after the 1758 farmhouse on West Street in Hadley, MA.

I want to get all our friends in the same room!
I want to have them over for dinner!

Sit them down at one big table,
            pass out

Each plate would be different!
I’d give our friends wine
and toast and tilapia
kale and beans and guava and eggs
It would be like -
        you know.           One last supper.
And you baked a cake!      Thanks
                    it’ll really
                    sweeten the deal,
we’ll eat it
after dinner.
Maybe for
no reason,

or maybe we’re
another year older.

Blow out the candles!
Wish for a bus!
We’ll put all our friends in
and drive toward the Connecticut River!

On the bus he asks her,
        “What’s the name of that river?”
She forgets. “Oh,” she says, “I used to know the name of this river!

Is it called ‘Connecticut’?
That’s the famous one,
I’ll just say yes.

Freshman year, I took a geology class.
I knew where the mountains were,
made of Holyoke balsalt, or not.
How this all came together. It was like,
a long time ago. You can see where
dinosaurs walked, where the glaciers
scratched the mountains
if you go up to the top.

There you go”, she says,
“I’ve answered your question about
the Connecticut River.”

In the Connecticut River Valley of your dreams
may you always cross the trestle singing to the river
where it hides clay beds and sandbars, singing
to the foothills where the train used to cross
the trestle. And now you are the train,
eyes on the cumulus skyline, and now you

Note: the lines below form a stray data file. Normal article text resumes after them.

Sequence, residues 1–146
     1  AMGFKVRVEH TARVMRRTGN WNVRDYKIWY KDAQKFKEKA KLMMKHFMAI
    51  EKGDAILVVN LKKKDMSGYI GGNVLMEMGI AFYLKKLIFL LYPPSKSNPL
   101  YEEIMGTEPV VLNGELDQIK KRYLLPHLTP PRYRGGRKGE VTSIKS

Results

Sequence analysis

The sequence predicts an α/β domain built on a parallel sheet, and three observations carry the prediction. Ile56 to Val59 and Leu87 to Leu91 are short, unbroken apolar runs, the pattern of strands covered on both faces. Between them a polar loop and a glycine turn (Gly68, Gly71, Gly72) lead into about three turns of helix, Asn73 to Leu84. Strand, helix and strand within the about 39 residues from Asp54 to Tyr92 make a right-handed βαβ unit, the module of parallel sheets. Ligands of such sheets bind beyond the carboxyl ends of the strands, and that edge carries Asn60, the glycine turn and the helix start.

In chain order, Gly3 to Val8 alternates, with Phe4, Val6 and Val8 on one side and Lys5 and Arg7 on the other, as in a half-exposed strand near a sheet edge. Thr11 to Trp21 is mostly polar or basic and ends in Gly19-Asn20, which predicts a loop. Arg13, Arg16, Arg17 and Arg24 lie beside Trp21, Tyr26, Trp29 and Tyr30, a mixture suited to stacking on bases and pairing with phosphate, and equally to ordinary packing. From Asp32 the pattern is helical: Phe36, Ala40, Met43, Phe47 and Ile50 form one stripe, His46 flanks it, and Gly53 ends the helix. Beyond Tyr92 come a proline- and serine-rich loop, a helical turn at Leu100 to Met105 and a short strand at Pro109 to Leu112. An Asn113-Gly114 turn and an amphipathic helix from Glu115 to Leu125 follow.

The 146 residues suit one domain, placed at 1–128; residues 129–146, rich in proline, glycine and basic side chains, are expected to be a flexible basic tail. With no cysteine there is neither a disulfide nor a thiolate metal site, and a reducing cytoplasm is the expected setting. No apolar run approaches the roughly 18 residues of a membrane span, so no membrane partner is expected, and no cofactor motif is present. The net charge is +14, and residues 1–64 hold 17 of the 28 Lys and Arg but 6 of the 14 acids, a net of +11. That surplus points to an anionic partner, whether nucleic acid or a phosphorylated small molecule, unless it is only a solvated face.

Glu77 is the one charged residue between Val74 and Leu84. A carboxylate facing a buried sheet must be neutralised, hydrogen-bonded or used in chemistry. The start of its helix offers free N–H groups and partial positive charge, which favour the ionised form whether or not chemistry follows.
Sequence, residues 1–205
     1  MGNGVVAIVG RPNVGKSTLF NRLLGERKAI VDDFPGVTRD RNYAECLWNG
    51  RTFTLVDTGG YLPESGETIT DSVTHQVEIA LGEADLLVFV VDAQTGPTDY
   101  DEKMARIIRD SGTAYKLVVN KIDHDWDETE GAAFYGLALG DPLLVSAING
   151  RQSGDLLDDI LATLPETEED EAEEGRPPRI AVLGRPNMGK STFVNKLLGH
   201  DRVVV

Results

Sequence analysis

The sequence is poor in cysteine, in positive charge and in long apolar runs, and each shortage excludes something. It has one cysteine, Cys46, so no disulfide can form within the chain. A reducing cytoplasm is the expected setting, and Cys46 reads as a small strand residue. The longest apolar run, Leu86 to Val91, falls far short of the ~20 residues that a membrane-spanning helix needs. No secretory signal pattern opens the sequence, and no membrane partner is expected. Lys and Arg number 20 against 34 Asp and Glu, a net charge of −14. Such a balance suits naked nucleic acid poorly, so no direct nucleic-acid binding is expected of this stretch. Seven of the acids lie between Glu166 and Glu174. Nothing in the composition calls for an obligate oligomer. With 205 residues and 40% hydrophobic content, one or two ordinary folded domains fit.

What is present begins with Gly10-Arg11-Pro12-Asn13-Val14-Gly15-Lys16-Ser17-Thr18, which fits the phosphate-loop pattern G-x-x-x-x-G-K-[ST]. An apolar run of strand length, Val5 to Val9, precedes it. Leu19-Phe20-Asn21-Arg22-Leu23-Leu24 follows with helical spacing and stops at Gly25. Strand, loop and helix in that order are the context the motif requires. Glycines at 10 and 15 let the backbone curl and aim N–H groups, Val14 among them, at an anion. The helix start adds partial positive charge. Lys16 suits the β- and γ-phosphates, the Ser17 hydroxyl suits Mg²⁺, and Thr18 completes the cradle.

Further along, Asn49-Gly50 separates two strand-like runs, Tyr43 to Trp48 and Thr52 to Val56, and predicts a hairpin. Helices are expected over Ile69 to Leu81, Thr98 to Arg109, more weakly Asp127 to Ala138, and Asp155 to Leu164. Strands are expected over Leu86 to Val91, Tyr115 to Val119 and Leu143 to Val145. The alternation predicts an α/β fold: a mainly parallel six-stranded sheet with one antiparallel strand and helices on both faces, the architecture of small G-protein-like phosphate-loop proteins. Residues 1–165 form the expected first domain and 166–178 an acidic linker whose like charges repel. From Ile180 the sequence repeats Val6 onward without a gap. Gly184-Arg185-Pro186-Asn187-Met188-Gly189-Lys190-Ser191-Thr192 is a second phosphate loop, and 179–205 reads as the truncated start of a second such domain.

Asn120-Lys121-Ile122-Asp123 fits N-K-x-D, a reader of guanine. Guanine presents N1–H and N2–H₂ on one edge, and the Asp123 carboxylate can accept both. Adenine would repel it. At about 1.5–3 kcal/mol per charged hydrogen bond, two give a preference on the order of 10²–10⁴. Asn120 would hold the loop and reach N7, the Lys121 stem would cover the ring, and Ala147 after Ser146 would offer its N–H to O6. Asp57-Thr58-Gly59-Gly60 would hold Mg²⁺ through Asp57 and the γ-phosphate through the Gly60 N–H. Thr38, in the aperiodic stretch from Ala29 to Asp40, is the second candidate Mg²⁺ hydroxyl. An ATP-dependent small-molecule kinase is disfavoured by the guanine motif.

are all-terrain, diving to see
        pebbles and Dr. Pepper
        cans, toothbrushes and
        freshwater plants and
        plastic debris. A skeleton,
        a thresher, a tractor chassis
littering the bottom of the river,
startling the sterling minnows.

Buried in the riverbed beneath
the sandbars, silts and dense
clays sit in bands wrapped
all around the alluvial plain.
Some are sandy and hold
water, and the fine clay layers
remain from ancient winters.

And the river would just love to hold you!
And I would love to have you over for dinner!

The river would just turn you in the current,
try to deposit you in the Atlantic. Kick until
it spits you home for dinner,
back toward the Hadley bridge,

and you fly over farmlands and factories
and meadows stretching out below.
from Norwottuck to Northampton,

from the cornfields to Calvin Coolidge
the river of time eroding
even his presidential visage
        rain after rain,
        drop by drop,
        grain, baby,
        by grain!

Stuck in traffic, on the bus,
the chiseled face of Coolidge
stares back on the bridge,
and time begins to slow
until everything’s held